Consumer

Shelly Banjo is a Bloomberg Gadfly columnist covering retail and consumer goods. She previously was a reporter at Quartz and the Wall Street Journal.

So this is what progress looks like. 

Whole Foods shares popped by about 8 percent Wednesday evening after it reported better first-quarter earnings than Wall Street expected. The company also raised its earnings guidance for the fiscal year and said it would open dozens of new stores -- claiming it has made real progress on a turnaround plan to jump-start its business. 

Still, the grocer reported its largest same-store-sales decline since 2009, when the financial crisis ushered in four straight quarters of falling sales. It also reported a 1.6 percent drop in the number of customer transactions and a 0.2 percent fall in basket size. More worrisome is the second straight quarter of double-digit declines in its operating margins -- once Whole Foods' sweet spot. 

Profit Plunge
Year-over-year change in operating margin at Whole Foods
Source: Bloomberg

In other words, there are fewer people coming into Whole Foods stores, and when they do come in, they are spending less. Oh, and when they buy stuff, Whole Foods is making less money on their purchases. That's because the company is trying to lower prices to win back customers after a series of pricing scandals. As I wrote last quarter, Whole Foods and low prices don't seem to be mixing well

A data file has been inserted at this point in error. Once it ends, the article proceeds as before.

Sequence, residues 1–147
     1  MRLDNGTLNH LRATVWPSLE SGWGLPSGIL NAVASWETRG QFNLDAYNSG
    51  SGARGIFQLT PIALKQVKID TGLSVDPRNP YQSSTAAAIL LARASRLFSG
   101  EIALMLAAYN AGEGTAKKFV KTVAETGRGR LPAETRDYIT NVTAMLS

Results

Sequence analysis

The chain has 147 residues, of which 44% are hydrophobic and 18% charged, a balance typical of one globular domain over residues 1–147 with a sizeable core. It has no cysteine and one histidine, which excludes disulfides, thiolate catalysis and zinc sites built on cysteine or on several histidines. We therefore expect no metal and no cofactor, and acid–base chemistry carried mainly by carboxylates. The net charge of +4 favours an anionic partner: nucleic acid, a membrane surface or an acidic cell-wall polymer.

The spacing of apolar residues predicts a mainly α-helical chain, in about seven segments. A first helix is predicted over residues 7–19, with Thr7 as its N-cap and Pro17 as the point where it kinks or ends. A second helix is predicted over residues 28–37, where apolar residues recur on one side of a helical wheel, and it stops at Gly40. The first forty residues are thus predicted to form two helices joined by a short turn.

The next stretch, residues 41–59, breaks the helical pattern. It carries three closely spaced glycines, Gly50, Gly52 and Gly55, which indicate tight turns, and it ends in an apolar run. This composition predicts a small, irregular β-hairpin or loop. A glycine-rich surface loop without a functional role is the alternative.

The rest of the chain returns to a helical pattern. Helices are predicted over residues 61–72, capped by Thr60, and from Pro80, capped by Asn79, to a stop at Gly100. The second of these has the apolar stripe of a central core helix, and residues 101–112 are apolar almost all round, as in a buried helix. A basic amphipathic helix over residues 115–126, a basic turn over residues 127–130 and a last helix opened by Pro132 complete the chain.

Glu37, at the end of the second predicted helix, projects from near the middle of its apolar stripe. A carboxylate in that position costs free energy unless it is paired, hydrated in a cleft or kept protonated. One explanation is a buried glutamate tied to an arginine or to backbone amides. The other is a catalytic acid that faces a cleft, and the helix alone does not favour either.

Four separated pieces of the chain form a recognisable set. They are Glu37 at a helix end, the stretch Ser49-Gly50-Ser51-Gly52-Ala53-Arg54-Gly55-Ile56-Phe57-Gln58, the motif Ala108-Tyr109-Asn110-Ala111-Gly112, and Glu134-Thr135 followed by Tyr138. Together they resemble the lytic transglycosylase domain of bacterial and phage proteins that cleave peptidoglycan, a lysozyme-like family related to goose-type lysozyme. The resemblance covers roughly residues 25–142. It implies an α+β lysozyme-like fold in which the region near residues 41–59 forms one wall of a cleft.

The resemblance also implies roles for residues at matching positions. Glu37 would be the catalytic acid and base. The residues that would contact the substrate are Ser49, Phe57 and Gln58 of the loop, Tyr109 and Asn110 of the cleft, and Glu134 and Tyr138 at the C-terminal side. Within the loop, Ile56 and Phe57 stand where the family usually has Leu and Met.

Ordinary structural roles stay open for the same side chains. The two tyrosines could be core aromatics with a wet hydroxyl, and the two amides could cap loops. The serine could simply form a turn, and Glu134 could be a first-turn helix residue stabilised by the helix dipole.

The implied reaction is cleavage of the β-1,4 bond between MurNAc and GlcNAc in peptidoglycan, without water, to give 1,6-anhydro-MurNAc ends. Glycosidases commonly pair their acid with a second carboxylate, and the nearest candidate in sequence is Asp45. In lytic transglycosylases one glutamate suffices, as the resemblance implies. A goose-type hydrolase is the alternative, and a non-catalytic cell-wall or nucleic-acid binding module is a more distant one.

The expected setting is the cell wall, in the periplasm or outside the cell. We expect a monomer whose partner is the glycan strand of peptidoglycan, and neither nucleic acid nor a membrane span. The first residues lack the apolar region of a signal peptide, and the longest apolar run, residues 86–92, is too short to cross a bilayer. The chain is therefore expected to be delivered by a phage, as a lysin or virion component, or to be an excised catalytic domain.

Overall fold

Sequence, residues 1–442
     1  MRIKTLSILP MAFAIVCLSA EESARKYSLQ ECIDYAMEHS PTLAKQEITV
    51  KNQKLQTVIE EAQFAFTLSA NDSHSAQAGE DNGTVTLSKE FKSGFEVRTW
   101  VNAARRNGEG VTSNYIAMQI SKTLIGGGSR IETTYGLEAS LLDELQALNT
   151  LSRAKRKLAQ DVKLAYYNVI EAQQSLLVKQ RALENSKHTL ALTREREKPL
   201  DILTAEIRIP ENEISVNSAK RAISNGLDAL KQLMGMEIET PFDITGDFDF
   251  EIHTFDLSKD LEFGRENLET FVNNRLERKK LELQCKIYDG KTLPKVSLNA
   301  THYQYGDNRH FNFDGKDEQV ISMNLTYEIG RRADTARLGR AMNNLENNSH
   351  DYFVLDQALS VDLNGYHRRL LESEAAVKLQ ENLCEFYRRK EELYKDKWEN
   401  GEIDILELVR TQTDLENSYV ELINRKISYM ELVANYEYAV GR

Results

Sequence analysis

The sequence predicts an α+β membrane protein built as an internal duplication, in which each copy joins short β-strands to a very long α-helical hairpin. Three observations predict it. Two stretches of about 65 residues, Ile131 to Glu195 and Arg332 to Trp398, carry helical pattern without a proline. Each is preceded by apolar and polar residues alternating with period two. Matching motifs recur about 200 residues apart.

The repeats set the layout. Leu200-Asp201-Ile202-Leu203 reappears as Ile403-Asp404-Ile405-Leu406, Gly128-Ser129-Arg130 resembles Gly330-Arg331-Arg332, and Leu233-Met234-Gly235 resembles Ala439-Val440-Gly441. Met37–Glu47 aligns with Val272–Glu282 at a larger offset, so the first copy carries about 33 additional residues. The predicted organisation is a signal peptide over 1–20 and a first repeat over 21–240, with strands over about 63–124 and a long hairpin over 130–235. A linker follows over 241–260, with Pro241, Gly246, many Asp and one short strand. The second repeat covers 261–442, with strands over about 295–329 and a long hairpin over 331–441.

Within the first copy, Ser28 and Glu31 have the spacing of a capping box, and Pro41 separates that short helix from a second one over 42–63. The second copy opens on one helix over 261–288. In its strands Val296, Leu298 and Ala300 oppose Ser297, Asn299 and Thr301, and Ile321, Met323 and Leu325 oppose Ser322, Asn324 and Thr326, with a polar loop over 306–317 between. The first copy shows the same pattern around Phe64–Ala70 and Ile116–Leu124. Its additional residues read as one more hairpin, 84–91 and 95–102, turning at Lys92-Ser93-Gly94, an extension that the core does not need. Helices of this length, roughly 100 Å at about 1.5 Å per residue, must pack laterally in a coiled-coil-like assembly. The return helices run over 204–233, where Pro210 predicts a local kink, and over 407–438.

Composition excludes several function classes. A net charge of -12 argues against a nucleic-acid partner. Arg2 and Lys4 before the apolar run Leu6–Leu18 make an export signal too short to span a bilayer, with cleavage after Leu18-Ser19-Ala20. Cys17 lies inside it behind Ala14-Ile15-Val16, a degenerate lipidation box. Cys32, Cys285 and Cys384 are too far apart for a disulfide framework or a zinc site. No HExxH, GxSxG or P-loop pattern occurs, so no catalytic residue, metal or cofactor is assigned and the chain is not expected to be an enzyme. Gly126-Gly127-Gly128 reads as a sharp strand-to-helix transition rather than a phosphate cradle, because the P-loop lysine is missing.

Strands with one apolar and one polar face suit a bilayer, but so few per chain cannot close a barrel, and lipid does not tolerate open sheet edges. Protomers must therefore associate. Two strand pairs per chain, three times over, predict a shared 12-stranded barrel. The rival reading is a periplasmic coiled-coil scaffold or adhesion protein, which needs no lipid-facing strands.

Meanwhile, Whole Foods' answer is: Let's build more stores! Take on more debt to buy back a half-billion dollars' worth of shares and nurse the stock price back to health! Launch digital coupons! 

Un-Whole-Some
Source: Bloomberg

The thing is, there will be no real comeback in Whole Foods until it can get customers back into its stores. And most of the company's turnaround plan -- launching a loyalty program, improving technology, increasing private label and prepared foods, and building out a lower-end line of  "365" stores -- are moves that, while significant, will take a while to bear fruit. 

At the same time, every retailer from Walmart to Kroger is bolstering its offerings of healthy and organic foods, giving shoppers a reason to stick with their local grocery store rather than make a special trip to Whole Foods. 

Perhaps that's why 24 out of 30 analysts tracked by Bloomberg have placed "hold" ratings on the stock (there are also 3 "sell" ratings and 3 "buy" ratings). Because even if you believe Whole Foods' long-term story will have a happy ending, it will take a while to get there. 

This column does not necessarily reflect the opinion of Bloomberg LP and its owners.

To contact the author of this story:
Shelly Banjo in New York at sbanjo@bloomberg.net

To contact the editor responsible for this story:
Mark Gongloff at mgongloff1@bloomberg.net